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Biden will mine oil reserves, hoping to drive down gasoline prices.

Energy experts said the release of reserves would have more punch if other countries, such as China, also sold oil from their stockpiles. The International Energy Agency, an organization of more than 30 countries, will meet on Friday and could recommend further releases from national reserves.

Russian oil exports normally account for more than one in every 10 barrels the world consumes. The United States, Britain and Canada have stopped importing Russian oil, and many oil companies and shippers in Europe have voluntarily stopped buying Russian energy products. This has produced a shortfall so far of about three million barrels per day.

The average price of regular gasoline in the United States is $4.23 per gallon, according to AAA, the automobile club. That’s about the same as a week ago, but up 62 cents per gallon last month.

Oil prices had fallen this week after peace talks between Russia and Ukraine showed early signs of progress. Energy traders also fear demand will plummet as China, the world’s biggest oil importer, imposes shutdowns in Shanghai and other places to deal with coronavirus outbreaks.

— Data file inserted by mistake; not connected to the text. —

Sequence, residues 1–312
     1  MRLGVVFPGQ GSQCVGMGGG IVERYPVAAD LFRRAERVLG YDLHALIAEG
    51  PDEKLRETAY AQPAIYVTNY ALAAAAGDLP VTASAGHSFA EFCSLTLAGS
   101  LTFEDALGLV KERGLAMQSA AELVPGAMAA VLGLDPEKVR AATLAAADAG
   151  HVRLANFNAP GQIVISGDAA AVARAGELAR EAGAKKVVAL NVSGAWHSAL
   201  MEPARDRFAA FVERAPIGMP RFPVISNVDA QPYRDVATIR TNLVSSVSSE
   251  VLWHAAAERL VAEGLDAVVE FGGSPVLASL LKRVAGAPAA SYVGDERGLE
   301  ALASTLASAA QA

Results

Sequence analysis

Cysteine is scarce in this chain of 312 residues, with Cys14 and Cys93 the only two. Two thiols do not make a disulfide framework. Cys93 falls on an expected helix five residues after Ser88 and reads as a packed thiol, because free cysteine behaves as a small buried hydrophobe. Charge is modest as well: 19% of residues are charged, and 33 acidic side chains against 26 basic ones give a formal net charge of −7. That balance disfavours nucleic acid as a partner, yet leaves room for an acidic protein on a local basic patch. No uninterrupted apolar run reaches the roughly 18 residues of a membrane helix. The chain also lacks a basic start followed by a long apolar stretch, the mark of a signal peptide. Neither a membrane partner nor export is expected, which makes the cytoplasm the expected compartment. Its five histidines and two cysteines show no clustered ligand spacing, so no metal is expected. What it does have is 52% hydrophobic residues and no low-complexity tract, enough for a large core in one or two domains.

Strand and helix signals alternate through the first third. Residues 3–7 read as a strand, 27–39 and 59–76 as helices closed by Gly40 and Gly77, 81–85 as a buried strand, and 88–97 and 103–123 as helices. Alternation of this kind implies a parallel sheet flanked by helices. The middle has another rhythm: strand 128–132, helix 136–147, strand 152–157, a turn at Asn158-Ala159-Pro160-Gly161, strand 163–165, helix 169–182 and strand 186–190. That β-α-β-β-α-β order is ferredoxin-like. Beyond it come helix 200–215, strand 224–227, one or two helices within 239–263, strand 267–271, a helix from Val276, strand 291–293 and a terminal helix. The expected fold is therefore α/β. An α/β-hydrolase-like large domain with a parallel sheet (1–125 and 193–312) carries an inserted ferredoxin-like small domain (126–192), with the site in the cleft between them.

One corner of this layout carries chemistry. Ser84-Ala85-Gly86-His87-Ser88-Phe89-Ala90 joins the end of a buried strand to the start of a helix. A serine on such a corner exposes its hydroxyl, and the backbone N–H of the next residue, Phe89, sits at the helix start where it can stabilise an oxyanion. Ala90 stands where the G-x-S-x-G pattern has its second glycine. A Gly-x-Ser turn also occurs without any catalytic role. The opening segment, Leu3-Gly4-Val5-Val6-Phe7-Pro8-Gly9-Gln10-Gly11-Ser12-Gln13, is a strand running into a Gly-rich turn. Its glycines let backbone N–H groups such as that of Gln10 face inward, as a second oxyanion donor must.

“The effect on prices will likely be short-term,” David Goldwyn, who was a senior State Department official in the Obama administration, said of Mr. Biden’s announcement. “But part of the benefit of this release is that it will provide a gateway to new physical supply coming online in the second half of this year from the United States, Canada, Brazil and other countries.”

Some environmentalists have criticized the release of the reserve. “Putting more oil on the market is not the solution to our problem but the perpetuation of our problem,” said Mark Brownstein, senior vice president of the Environmental Defense Fund.

But Meghan L. O’Sullivan, director of the Geopolitics of Energy Project at Harvard’s Kennedy School, said releasing reserves to ease shortages would not jeopardize the transition to clean energy. “What the past month has taught us is that if there is no energy security today, the appetite to take tough steps on the path to transition will evaporate,” he said. she declared.

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